State Government to explore venison use

State Parliament passed a motion to investigate the wider use of venison. Picture: Supplied

By Corey Everitt

A motion for the State Government to explore programs for wild-shot deer to be harvested and donated for food relief has passed Parliament after fiery debate over the touted deer control and cost-of-living measure.

Eastern Victoria MP Jeff Bourman of the Shooters, Fishers and Farmers Party moved the motion in the Legislative Council session on Wednesday 15 November calling on the State Government to investigate relief options that can utilise spare venison from shot deer.

The motion broadly compels the State Government to explore the matter by committing “to further discussions regarding the delivery of a pilot program to enable the commercial processing of wild-shot venison to be harvested and donated to food charities,” the motion read.

Mr Bourman’s main argument was that such a program can provide needed relief in rising cost-of-living pressures as venison is an untilised resource even though up to 150,000 deer are killed each year by recreational hunters and government-run culling.

The motion garnered the support of both major parties.

“These deer are a problem in our environment and for our communities,” Nationals Eastern Victoria MP Melina Bath said.

“We certainly endorse the continued enjoyment of hunters to do recreational hunting, but once that meat is on the ground, how can it be purposefully used?”

Addressing cost-of-living gained purchase, but the need to control deer populations gave Mr Bourman’s motion more traction.

“They are a pest,” South Eastern Metropolitan MP Michael Galea said.

“People in my constituency – obviously I have a very urbanised area, but I do have some outer suburban pockets as well – in places like Upper Beaconsfield have told me how much of a problem the local deer populations are and what a pest they are for the local environment, for conservation and for agriculture as well.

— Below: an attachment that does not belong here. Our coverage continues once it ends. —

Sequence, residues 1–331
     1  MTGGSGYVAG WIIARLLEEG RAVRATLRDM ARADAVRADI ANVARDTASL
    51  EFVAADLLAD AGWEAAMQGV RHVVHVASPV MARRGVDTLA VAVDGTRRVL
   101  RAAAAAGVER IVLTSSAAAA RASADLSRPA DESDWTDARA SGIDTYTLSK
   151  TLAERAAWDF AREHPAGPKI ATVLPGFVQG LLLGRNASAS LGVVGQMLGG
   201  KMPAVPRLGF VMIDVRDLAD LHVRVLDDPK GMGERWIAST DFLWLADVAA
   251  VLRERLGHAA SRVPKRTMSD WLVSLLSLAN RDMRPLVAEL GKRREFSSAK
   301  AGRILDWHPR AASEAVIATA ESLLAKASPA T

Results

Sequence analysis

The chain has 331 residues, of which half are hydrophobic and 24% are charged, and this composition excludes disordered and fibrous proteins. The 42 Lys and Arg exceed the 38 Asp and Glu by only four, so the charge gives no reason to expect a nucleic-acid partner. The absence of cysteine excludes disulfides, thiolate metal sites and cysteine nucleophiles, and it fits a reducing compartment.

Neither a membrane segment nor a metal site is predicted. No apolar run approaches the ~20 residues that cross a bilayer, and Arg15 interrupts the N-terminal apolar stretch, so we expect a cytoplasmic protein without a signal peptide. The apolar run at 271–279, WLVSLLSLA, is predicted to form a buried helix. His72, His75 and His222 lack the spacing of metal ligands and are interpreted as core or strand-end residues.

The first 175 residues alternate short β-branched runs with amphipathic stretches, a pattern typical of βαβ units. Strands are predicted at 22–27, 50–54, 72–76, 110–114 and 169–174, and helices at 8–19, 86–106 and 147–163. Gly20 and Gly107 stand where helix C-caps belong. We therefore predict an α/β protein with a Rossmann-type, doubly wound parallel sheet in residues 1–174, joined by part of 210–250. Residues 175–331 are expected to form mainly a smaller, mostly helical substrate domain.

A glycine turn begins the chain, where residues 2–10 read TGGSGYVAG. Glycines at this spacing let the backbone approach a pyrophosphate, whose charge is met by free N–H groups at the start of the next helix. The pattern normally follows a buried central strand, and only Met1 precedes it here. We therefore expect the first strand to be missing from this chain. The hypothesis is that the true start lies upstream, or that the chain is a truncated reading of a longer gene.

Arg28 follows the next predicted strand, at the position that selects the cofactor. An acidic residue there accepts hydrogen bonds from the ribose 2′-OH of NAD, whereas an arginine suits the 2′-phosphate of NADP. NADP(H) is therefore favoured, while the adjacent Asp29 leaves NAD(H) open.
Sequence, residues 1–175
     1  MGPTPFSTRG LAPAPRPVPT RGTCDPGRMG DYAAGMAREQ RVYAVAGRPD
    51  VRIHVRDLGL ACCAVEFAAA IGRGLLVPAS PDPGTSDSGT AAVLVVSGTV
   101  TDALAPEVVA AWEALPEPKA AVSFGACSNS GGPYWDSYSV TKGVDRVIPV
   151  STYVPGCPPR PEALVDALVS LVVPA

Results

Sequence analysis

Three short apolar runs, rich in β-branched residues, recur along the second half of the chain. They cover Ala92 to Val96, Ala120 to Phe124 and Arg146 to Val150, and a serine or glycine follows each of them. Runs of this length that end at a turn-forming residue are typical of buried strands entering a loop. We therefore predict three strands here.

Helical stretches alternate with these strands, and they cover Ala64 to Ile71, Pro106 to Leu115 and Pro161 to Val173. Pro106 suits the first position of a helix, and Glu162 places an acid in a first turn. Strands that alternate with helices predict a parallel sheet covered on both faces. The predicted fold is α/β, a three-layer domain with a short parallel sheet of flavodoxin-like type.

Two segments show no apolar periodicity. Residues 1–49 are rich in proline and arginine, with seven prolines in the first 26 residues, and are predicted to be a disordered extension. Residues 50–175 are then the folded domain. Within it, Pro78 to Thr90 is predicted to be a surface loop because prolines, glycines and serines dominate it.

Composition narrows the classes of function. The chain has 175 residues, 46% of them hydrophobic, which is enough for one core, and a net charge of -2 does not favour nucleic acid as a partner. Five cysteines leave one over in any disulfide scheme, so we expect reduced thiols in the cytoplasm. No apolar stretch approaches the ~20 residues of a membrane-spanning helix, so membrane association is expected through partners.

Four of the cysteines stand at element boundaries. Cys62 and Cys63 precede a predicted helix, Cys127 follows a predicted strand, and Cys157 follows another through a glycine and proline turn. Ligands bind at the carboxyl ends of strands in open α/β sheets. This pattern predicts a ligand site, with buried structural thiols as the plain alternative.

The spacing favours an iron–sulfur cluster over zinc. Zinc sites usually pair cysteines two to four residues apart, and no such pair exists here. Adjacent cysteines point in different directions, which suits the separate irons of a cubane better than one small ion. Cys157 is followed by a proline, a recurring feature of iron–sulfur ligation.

“This is not what I think the government should be pinning its hopes on solely, but it is a sensible thing.”

The Greens and the Animal Justice Party opposed the motion, arguing it was a distraction from the more direct ways to address both cost-of-living and deer control, and the overall goal of the motion was to further the interests of recreational hunters.

“Some of the measures that are actually being called for to tackle cost of living and food security are starkly different from this morning’s unappetising serving suggestion from the shooters,” the Greens Southern Metropolitan MP Katherine Copsey said.

“In relation to deer, which are an invasive species that causes damage to our environment, last year Labor had the perfect opportunity to address this issue in the Victorian Deer Control Strategy. Instead, they once again caved into pressure from the shooting lobby, which has a vested interest in continuing populations of deer at high levels so that they can shoot them.”

Ms Copsey said deer control should be through “modernising our wildlife laws”, particularly away from the interest of hunters.

Victoria and Tasmania are the last remaining states yet to classify deer as a pest, they are classified as a game animal which provides protections as wildlife.

The motion was passed with the support of the Labor Party, Liberal Party and the Nationals.